He's already flustered. Even with the map, he had trouble finding her place. He walks up the lawn, acutely aware of his own heartbeat.
Sitting beside her, he's sweating like a fat kid on field day. His mouth is dry--South Carolina-bars-on-Sundays dry. The silence is intolerable, and he babbles to fill it. He feels like he's talking to a rock.
"I'm a little out of practice with this. Man, I think the last time was Dana, the girl I dated senior year. We lost touch after graduation. Always regretted that. I looked her up right after my divorce. Don't know what I expected. But she was, you know, gone. So, I found out where she was and visited her."
He shakes his head.
"I broke down like a goddamned sissy. Sorry. In all fairness, I cried at car insurance commercials back then."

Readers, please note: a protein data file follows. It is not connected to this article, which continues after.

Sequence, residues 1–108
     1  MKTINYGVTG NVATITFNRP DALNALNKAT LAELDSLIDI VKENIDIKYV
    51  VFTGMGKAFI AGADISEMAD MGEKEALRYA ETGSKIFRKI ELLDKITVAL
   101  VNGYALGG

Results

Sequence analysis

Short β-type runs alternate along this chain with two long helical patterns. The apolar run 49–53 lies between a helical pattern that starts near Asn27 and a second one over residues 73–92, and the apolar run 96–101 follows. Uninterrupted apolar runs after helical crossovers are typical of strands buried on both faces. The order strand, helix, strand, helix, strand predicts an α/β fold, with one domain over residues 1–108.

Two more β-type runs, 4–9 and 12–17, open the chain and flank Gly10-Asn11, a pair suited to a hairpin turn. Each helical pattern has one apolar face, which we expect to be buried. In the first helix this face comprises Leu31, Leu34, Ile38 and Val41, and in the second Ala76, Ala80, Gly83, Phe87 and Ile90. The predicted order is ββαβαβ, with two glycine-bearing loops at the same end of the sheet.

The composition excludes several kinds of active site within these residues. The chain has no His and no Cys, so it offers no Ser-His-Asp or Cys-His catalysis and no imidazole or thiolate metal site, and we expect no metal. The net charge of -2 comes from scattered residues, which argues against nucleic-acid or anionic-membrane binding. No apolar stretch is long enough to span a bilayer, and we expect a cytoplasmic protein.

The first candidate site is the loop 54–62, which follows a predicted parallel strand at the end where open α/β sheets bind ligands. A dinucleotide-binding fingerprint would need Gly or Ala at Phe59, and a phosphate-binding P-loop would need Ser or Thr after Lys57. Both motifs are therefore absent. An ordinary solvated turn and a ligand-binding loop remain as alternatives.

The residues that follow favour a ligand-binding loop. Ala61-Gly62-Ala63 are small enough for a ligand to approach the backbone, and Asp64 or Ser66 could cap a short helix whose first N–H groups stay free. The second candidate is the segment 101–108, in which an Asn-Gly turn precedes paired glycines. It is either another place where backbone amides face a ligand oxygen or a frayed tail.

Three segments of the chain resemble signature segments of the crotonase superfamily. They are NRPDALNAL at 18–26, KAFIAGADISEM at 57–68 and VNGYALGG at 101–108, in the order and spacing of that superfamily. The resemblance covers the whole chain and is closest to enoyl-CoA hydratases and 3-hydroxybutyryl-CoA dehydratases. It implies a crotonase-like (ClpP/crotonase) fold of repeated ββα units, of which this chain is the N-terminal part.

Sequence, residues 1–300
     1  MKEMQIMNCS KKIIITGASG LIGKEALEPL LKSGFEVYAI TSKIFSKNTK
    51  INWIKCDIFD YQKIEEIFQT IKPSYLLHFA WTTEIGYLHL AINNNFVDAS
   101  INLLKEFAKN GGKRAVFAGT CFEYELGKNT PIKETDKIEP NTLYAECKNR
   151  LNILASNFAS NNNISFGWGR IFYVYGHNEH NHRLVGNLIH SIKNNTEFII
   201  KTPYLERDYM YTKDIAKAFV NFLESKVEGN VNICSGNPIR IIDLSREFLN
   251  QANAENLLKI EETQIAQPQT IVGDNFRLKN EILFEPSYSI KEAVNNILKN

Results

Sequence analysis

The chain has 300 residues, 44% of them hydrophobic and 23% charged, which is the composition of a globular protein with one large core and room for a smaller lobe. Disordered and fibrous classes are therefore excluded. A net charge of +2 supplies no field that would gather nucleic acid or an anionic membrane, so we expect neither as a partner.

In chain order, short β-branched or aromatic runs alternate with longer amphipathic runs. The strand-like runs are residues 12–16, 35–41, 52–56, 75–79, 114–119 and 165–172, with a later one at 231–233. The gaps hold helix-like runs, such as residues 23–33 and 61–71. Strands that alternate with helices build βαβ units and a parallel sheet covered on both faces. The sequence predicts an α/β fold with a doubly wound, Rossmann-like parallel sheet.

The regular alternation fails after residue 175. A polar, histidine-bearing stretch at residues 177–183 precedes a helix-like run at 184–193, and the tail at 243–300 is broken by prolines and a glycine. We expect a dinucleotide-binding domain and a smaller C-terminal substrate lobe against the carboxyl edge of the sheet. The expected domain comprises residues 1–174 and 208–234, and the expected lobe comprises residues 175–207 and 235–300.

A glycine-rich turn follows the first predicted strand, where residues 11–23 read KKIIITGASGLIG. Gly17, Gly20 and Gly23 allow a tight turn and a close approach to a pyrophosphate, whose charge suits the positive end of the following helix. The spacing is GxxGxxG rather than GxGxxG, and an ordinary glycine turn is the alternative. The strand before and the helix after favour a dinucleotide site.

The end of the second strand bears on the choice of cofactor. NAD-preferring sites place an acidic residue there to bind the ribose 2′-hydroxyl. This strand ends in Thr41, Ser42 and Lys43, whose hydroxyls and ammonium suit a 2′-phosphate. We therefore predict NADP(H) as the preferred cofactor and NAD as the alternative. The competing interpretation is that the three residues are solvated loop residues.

He prattles on about his new job, which allowed him to replace his rusty truck and inspired his ex to request more child support and alimony.
"I oughta pay some sap to marry her money-grubbing ass," he somewhat jokes.
He gives her the flowers he brought. The tulips look nice in her bronze vase.
"I didn't know your favorite," he mutters. "Thought these were pretty, so ..."
The catch in his voice irritates him. The tears straight piss him off. Maybe if he'd come home more often, he'd know her favorite fucking flower. But he was too busy. Always too busy.
"I miss you so much, Mama," he sobs.
In the six months his mother has been here, random pieces of grass have sprouted from the cracked dirt. He absentmindedly yanks a few blades and tosses them on her neighbor: Esther Willadene Banks, beloved wife and mother until 2007.
He makes a mental note to ask them to put down more seed. Mama kept her lawn well manicured. Her final resting place should look as nice.
trifecta weekly writing challenge: The entry must be 33-333 words and include the word "rusty," as defined below:
a. of the color rust
b. dulled in color or appearance by age and use
Word count: 333